With more than 50,000 wounded warriors returning to the United States for treatment, rehabilitation and relearning how to live with a serious injury, families throughout California and the rest of the United States have answered their own call to duty: to take care of their loved one at Walter Reed or another military hospital. But many family members have lost their jobs because of the extended time away from work required to nurse a son, daughter or spouse back to health after a battlefield injury.
Unfortunately, many do not know that the Family Medical Leave Act (FMLA) provides up to 26 weeks of job-protected leave for those who are caring for an injured soldier, seaman, airman, guardsman, reservist or other military personnel. While six months may not seem like nearly enough time for those caring for amputees or other seriously wounded warriors, it is at least a start for those employees that qualify.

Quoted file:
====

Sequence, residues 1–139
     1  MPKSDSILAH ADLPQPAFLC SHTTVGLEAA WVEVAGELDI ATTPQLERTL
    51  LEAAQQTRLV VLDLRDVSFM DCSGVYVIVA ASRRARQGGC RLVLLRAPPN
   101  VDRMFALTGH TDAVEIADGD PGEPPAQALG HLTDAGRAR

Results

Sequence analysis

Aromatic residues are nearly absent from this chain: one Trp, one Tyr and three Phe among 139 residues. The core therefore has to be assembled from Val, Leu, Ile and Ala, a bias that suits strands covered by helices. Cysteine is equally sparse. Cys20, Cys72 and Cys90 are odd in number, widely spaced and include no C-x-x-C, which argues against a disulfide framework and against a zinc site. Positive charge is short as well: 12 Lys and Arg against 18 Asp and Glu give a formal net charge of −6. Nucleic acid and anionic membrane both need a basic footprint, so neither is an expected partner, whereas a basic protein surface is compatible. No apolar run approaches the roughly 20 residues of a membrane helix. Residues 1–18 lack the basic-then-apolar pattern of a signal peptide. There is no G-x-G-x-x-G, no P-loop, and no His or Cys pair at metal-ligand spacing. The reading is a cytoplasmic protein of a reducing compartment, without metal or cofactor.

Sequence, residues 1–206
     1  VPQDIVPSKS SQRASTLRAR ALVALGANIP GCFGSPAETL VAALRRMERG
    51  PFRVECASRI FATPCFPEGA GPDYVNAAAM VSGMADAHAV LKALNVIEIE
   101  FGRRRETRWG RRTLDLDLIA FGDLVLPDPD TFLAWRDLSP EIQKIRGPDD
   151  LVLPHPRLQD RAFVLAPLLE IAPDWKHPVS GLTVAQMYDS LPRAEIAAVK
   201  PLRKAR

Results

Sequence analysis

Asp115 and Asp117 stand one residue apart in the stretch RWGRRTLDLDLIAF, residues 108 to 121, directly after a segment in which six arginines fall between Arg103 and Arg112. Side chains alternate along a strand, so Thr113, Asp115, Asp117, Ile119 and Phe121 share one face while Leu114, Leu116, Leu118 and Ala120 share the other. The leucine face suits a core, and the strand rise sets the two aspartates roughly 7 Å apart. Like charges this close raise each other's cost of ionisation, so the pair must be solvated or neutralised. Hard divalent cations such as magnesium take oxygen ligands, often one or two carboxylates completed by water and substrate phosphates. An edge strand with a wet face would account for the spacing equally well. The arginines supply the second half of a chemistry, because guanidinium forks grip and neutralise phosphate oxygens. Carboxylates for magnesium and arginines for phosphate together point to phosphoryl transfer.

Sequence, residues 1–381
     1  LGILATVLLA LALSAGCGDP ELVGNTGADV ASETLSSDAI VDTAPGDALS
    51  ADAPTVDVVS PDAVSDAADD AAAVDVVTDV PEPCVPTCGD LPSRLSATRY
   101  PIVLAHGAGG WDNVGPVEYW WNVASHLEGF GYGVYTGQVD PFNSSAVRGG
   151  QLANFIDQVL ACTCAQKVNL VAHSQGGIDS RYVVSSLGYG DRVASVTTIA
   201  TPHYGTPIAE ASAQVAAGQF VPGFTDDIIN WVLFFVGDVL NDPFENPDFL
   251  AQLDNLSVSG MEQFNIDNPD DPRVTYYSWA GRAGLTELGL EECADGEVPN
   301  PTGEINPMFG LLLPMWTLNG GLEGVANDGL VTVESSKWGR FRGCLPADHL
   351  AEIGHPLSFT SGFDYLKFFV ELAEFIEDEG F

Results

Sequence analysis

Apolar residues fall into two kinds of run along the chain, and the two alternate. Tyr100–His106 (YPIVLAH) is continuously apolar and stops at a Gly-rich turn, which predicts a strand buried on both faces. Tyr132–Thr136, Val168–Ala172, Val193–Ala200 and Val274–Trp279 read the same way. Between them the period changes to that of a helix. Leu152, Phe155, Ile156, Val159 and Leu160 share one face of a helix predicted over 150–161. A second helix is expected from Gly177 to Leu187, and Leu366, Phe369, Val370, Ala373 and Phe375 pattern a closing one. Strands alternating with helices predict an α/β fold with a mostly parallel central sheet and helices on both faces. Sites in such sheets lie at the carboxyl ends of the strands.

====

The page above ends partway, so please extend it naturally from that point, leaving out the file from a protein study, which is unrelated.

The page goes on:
Employees must work for a company with 50 or more employees within a 75 mile radius and have worked for their company for at least 1250 hours in the last 12 months to qualify for FMLA leave. If you have been denied FMLA leave or fired after taking time off to care for a wounded warrior, you may have a legal claim against your employer. An employment lawyer in your area who is familiar with the application of FMLA medical leave to family caregivers of military personnel can answer your questions about your legal rights.
For returning servicemen and women, the Uniformed Services Employment and Re-Employment Rights Act (USERRA) protects your right to return to work after coming home from a military deployment.
Source: Military.com, "Caring for a Wounded Warrior? You're Fired!"